In the story Jason Garrity pins his hopes on the building of a luxury hotel, but Caldwell deals also with politics and history ("Hell! though Jason. What can I, as a single individual, do to prevent calamity? Nothing. Taft is the safest man. He is not an imperialist, like Roosevelt. Nor a social fanatic like Wilson. I'll vote for Taft."). Dear and Glorious Physician (1959) was about Luke the Evangelist, and Dialogues with the Devil (1967) was a study of good and evil. Caldwell depicts in it a correspondence between Lucifer and Michael, mixing in the dialogue old tales, a lost continent, and theological speculations.

--'"Childish raptures! said Lucifer, with scorn, his eyes flashing like lightning. "Are we indeed whimpering and craven children, or slaves? Can we be content with toys and little deliciousnesses? Are we not mind, as well as emotion? And is not the mind, of both angel and man, the noblest of possessions, and worth exercising. It is in our minds that we approach the closest of Him, Who is all Mind. Mind is the creator of all philosophy, all order, all beauty, all satisfaction, but emotion is the lowliest of the virtues, if it is a virtue at all. Mind has in it the capacity to know all things, or, at least, the minds of angels."' (from 'Dialogues with the Devil')

During her career as a writer Caldwell's books sold over thirty million copies. She received several awards, among them the National League of American Pen Woman gold medal (1948), Buffalo Evening News Award (1949), and Grand Prix Chatvain (1950). Caldwell was married four times altogether - the third time to a Mr Stancell, and the fourth and final time to William Robert Prestie, who was a follower of Subud (he died in 1992). She was an outspoken conservative and for a time associated with the anti-Semitic Liberty Lobby. Her memoir, GROWING UP TOUGH, appeared in 1971. Caldwell continued writing until 1980, when a stroke left her deaf and unable to speak. She died in Greenwich, Connecticut on September 2, 1985.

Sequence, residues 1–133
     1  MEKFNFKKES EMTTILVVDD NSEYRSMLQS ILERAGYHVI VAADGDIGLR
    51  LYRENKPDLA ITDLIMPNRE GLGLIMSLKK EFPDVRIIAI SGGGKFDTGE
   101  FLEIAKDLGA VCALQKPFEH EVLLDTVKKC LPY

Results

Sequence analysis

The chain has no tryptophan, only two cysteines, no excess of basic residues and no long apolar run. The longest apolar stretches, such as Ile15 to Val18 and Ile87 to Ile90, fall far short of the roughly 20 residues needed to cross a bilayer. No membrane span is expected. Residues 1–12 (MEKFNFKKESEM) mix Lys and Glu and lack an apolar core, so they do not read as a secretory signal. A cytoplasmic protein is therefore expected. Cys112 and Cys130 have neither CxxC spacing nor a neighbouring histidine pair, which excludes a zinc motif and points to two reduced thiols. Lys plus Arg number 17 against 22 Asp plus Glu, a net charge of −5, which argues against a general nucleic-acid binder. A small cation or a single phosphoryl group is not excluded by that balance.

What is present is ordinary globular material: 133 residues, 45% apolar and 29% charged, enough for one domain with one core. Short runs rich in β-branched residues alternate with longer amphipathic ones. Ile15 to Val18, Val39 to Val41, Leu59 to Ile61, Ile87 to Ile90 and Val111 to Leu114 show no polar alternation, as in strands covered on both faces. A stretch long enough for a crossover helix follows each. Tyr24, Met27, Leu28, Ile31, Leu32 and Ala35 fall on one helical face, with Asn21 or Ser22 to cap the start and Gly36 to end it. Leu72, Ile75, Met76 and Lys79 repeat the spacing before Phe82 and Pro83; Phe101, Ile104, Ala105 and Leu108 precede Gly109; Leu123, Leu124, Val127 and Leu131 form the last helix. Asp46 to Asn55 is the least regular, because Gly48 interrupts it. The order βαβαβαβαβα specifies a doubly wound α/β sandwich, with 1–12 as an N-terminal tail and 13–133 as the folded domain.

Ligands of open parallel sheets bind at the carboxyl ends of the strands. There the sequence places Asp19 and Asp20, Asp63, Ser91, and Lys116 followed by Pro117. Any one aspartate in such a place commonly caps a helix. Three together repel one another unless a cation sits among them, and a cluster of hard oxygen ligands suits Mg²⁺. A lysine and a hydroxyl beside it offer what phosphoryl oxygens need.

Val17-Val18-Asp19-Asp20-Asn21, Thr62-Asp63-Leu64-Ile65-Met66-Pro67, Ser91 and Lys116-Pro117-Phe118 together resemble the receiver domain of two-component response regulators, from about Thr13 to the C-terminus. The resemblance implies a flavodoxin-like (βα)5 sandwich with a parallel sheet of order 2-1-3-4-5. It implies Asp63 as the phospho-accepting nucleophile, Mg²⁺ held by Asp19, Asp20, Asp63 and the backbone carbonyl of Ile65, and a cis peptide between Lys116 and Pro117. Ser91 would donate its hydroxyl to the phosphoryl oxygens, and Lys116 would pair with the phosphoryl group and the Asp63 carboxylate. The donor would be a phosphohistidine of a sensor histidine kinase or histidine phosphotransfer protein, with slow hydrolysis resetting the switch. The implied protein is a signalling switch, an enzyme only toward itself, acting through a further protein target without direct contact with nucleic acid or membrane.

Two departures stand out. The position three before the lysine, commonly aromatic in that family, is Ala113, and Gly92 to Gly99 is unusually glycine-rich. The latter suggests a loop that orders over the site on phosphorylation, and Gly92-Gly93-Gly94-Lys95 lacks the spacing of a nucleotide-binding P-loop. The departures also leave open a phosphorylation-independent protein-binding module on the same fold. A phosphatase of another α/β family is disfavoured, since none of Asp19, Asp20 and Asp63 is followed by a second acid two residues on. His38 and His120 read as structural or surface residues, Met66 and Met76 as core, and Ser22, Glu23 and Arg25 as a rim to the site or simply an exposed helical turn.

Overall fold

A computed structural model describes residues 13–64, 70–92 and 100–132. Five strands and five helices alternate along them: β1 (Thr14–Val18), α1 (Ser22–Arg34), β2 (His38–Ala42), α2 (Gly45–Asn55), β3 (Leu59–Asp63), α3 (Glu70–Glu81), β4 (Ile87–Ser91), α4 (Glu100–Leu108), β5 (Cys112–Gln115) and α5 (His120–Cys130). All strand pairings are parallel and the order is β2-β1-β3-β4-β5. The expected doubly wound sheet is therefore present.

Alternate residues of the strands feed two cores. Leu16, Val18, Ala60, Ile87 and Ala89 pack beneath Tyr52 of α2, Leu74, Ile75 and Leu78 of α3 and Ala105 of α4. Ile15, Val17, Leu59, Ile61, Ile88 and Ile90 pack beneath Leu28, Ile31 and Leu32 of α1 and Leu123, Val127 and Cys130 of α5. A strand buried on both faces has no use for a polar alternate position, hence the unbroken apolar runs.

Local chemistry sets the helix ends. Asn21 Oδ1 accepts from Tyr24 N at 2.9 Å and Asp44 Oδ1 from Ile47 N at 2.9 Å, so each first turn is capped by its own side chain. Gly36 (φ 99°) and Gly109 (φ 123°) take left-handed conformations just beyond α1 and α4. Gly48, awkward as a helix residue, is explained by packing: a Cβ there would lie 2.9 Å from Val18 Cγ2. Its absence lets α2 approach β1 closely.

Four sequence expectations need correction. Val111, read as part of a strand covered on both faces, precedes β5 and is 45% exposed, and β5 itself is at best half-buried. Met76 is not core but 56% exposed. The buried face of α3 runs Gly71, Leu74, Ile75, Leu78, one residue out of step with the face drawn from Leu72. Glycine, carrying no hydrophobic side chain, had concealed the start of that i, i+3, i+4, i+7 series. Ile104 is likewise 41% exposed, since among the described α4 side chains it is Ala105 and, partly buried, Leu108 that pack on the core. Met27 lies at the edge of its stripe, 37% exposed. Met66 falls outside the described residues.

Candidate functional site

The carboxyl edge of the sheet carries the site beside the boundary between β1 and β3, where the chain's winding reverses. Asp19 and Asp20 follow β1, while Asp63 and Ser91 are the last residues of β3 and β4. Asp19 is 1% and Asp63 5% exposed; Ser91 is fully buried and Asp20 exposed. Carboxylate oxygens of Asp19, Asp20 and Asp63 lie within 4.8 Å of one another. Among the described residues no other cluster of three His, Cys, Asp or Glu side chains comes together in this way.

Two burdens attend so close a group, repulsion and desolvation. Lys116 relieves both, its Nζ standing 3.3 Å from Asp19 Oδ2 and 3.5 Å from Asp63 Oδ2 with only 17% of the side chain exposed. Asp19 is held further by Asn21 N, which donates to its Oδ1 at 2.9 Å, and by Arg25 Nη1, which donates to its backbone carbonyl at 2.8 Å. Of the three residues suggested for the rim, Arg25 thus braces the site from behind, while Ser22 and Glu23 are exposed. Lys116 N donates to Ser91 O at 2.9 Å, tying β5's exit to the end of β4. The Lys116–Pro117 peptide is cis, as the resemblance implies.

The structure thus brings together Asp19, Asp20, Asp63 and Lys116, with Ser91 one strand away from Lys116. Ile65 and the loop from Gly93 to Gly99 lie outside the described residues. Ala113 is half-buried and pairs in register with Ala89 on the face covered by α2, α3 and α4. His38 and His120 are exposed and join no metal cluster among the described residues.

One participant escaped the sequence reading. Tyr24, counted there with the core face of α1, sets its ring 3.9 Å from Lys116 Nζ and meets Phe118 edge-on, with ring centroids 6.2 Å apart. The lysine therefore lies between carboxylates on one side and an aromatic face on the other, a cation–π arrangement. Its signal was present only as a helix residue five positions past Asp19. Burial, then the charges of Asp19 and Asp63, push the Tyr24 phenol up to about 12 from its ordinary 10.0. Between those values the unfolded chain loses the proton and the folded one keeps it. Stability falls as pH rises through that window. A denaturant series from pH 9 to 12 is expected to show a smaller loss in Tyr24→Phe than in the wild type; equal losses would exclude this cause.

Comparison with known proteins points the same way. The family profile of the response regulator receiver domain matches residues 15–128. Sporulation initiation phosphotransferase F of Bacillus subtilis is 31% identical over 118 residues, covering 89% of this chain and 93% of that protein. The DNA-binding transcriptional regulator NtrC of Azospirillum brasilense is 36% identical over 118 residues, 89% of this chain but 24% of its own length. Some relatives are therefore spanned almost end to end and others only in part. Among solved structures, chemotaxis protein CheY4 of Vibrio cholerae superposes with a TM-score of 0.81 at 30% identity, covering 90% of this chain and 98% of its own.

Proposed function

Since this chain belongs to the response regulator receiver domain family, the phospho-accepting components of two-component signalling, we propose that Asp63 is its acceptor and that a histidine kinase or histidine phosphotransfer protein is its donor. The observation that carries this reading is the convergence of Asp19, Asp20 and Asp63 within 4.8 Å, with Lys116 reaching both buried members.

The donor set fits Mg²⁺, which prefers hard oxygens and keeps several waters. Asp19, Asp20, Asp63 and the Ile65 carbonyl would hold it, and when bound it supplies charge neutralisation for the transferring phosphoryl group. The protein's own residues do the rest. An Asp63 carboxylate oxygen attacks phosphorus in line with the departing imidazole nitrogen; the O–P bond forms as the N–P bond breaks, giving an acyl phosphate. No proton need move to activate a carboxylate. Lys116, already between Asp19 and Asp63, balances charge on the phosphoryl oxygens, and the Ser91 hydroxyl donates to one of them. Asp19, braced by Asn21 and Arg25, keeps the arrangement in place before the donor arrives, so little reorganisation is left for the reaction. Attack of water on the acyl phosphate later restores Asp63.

For further reading: In Search of Taylor Caldwell by J. Stearn (1974); Twentieth-Century Romance & Historical Writers, ed. by Lesley Henderson (1990); World Authors 1900-1950, ed. by Martin Seymour-Smith and Andrew C. Kimmens (1996, vol. 1).


  • Dynasty of Death (1938)
  • This Very Earth (1940)
  • The Eagles Gather (1940)
  • The Earth is the Lord's: A Tale of the Rise of Genghis Khan (1940)
  • Time No Longer (1941)
  • The Strong City (1942)
  • The Arm and the Darkness (1943)
  • The Turnbulls (1943)
  • The Final Hour (1944)
  • The Wide House (1945)
  • This Side of Innocence (1946)
  • There Was A Time (1947)
  • Melissa (1948)
  • Let Love Come Last (1949)
  • The Beautiful Is Vanished (1951)
  • The Balance Wheel (1951)
  • The Devil's Advocate (1952) - speculative fiction about a near-future totalitarian America
  • Maggie - Her Marriage (1953)
  • Your Sins and Mine (1955)
  • Tender Victory (1956)
  • Never Victorious, Never Defeated (1957)
  • The Sound of Thunder (1957)
  • Dear and Glorious Physician (1958) - life of Luke the Evangelist
  • The Listener (1960)
  • A Prologue to Love (1961)
  • Man Who Listens (1961)
  • To See the Glory (1963)
  • The Late Clara Beame (1963)
  • Grandmother and the Priests (1963)
  • A Pillar of Iron (1965) - life of Marcus Tullius Cicero
  • Wicked Angel (1965)
  • No One Hears But Him (1966)
  • Dialogues with the Devil (1967)
  • Testimony of Two Men (1968)
  • Great Lion of God (1970) - life of Paul of Tarsus
  • Growing Up Tough (1971)
  • On Growing Up Tough (1971)
  • Captains and the Kings (1972)
  • To Look and Pass (1973)
  • Glory and the Lightning (1974) - life of Aspasia, mistress of Pericles
  • Romance of Atlantis (1975) (with Jess Stearn)
  • Ceremony of the Innocent (1976)
  • I, Judas (1977) - life of Judas Iscariot
  • Bright Flows the River (1978)
  • Answer As A Man (1980)
  • The Child From the Sea (1994)